There is no simple answer to the question whether libraries can copy and stream pre-1972 sound recordings without violating state law. Our preliminary research demonstrates that there is a substantial body of state law that pertains to pre-1972 sound recordings. Laws vary from state to state. Most states appear to have criminal laws concerning sound recordings, and many also have relevant civil laws. Determining the scope of permissible use under state laws—specifically, whether digital preservation copies can be made, and whether they can be streamed to users from library servers—requires a more comprehensive survey of these state laws. What is permissible in one state may be illegal in another.

On the basis of our limited review of state law, we can, however, make some tentative observations:

State criminal laws: Our review suggests that digital preservation and streaming of pre-1972 sound recordings by nonprofit libraries is unlikely to violate state criminal laws. The criminal laws in the states we surveyed generally focus on for-profit distribution of copies of sound recordings, done with intent. Criminal laws are strictly construed according to their terms; for this reason, provided a library does not sell the recordings or use them for profit or commercial advantage, it will not violate these laws, even if its activities result in commercial harm to the right holder. However, the laws of other states may vary from those we reviewed (and California’s law would bear further investigation, as discussed below). It is essential to do a complete state survey to responsibly assess potential criminal liability.

State civil laws: Most state civil law in this area is common law, developed on a case-by-case basis. Because its contours (e.g., what rights are covered, what exceptions exist) are not strictly defined and are subject to change, it is difficult to assess the risk of civil liability for digital copying and dissemination of pre-1972 sound recordings. The cases we found involved defendants who sought to gain commercially from the use of plaintiffs’ sound recordings. But the elastic nature of common law leaves open the possibility that commercial harm to the right holder can be the basis of a claim, even if the user does not derive a commercial benefit. Moreover, a state could rely on federal copyright law for guidance, and commercial benefit is not an essential element of a federal copyright claim. For example, in Capitol Records v. Naxos, discussed in section 3.3, the New York Court of Appeals held that marketplace competition or commercial benefit is not essential to a common law copyright claim (as they are to an unfair competition claim), and the court looked to federal law for guidance on the scope of the common law rights.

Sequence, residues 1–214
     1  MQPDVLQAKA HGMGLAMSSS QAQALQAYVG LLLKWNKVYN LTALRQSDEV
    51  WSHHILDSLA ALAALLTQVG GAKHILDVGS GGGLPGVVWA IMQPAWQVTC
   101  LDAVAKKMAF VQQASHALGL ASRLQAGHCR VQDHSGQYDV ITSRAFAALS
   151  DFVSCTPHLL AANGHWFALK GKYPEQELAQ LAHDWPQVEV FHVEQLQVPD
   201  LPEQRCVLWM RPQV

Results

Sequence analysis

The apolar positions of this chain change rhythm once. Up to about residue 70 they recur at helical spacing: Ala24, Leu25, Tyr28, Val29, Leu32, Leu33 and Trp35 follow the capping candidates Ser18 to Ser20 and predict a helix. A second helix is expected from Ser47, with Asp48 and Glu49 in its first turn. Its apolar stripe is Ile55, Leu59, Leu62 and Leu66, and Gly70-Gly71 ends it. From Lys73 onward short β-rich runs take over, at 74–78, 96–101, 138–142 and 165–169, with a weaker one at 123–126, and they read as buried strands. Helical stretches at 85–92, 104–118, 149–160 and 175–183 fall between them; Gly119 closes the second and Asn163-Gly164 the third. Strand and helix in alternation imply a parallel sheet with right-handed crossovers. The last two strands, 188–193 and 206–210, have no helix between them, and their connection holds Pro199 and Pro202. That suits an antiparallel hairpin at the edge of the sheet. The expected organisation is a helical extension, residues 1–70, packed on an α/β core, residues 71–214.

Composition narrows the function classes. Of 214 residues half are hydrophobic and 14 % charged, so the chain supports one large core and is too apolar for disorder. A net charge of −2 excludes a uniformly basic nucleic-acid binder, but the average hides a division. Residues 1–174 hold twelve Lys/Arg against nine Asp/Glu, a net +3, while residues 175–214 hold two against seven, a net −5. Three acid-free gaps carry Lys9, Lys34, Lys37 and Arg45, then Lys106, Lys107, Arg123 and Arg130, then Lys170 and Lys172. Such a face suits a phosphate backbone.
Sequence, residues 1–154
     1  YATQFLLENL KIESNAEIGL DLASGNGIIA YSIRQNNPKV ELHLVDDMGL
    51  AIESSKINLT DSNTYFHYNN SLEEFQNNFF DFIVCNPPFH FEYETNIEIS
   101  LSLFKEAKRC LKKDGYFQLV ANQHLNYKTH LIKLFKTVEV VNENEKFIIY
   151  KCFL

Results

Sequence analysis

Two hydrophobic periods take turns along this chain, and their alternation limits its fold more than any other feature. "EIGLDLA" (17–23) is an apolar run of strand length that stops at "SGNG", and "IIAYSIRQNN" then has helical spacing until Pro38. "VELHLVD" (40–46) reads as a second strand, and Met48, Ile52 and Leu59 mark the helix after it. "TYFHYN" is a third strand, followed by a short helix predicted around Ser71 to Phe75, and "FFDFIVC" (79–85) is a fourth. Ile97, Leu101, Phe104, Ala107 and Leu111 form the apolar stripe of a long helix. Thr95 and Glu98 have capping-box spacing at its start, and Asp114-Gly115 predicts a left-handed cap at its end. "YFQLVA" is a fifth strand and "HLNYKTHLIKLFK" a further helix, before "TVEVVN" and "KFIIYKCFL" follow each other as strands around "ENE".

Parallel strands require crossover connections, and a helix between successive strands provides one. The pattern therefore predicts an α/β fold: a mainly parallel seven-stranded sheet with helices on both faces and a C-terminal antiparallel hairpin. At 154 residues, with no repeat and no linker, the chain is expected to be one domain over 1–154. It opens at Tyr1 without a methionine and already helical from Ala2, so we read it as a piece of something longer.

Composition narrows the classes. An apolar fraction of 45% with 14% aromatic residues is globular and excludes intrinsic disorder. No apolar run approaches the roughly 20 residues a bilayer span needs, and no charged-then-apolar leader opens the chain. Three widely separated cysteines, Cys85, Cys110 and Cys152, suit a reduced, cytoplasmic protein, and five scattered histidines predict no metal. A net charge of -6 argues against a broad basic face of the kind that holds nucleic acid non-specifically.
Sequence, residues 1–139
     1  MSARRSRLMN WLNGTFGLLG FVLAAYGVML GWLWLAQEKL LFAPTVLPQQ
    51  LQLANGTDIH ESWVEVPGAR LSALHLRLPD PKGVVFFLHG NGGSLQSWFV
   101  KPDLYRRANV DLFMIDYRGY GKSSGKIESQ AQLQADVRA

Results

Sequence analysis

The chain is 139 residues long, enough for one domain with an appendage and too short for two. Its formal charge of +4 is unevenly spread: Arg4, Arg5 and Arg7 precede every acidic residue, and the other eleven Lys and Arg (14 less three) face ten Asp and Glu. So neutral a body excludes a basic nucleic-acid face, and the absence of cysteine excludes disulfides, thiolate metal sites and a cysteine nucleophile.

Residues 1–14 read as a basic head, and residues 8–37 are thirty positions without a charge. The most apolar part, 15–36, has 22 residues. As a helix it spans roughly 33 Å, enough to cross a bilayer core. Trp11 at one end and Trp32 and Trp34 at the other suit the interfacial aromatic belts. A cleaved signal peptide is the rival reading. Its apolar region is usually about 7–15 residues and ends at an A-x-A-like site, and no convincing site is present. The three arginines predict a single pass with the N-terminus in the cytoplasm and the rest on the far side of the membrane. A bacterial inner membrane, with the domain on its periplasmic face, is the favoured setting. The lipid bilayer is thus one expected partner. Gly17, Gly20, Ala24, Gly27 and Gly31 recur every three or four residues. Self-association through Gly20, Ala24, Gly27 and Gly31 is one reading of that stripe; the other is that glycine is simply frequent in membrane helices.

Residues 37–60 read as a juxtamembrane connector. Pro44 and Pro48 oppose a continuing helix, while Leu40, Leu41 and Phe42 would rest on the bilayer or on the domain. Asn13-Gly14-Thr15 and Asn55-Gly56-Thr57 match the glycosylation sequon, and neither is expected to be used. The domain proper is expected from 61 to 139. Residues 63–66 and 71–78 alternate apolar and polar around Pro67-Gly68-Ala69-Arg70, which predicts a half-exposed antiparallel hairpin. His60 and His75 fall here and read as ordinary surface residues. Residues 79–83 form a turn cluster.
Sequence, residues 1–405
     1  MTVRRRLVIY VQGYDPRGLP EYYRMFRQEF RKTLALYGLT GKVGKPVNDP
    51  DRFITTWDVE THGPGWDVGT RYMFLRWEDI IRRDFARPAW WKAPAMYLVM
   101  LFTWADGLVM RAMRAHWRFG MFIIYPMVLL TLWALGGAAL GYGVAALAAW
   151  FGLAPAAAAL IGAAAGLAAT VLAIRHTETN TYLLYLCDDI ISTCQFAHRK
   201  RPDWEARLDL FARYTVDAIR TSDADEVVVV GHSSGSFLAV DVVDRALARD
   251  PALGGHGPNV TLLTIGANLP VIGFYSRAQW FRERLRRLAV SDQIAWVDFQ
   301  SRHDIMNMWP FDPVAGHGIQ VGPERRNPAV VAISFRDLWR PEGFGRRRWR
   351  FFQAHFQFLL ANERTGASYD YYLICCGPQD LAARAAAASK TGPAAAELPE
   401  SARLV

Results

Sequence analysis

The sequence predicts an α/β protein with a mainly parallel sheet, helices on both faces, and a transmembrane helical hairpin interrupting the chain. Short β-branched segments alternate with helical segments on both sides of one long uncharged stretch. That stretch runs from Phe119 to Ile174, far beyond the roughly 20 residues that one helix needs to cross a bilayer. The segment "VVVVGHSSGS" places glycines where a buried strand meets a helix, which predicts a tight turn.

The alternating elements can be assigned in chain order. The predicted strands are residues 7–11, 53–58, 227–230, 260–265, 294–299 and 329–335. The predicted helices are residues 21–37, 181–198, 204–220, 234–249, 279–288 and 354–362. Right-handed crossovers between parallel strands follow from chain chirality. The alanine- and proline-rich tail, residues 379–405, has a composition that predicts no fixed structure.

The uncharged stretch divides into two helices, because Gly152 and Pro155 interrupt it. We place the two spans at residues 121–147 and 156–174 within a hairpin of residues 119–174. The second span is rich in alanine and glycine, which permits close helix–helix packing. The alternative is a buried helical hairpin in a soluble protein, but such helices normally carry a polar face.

A survey of state laws will reduce the uncertainty concerning the scope of state law protection and likely suggest ways to minimize the risk of liability in connection with digital preservation and dissemination of pre-1972 sound recordings. But our research suggests that even a detailed survey will not completely resolve these issues. New legislation to establish a library privilege to preserve and appropriately disseminate these materials would be very desirable.

In the meantime, it seems unlikely that activities within the bounds of what is permitted under § 107 or § 108 concerning copyrighted sound recordings would be actionable under state law with respect to pre-1972 sound recordings. Indeed, it is unlikely that such activities would even elicit a claim.

What should the state law survey address? Concerning state criminal laws, among the issues to be explored are (1) What specific conduct concerning pre-1972 sound recordings is prohibited under state laws? (2) Do any states criminalize conduct performed for reasons other than profit or private financial gain, or imply such motive from the value of works copied or distributed without authorization?113 (3) What is the significance of the exemption for not-for-for profit and governmental institutions in California’s record piracy law? What significance, if any, does it have in other states whose criminal laws are similarly worded but lack a similar exemption?

Concerning civil liability, important questions to be investigated include (1) Are there statutes or cases related to civil protection of pre-1972 sound recordings, and what is the scope of that protection? (2) To what extent have state courts looked to federal copyright law to inform decisions concerning sound recordings? (3) Do “unfair competition,” “misappropriation,” or similar torts that might be asserted extend to conduct that causes financial harm to the right holder, even though it may not be done for, or result in, profit to the user?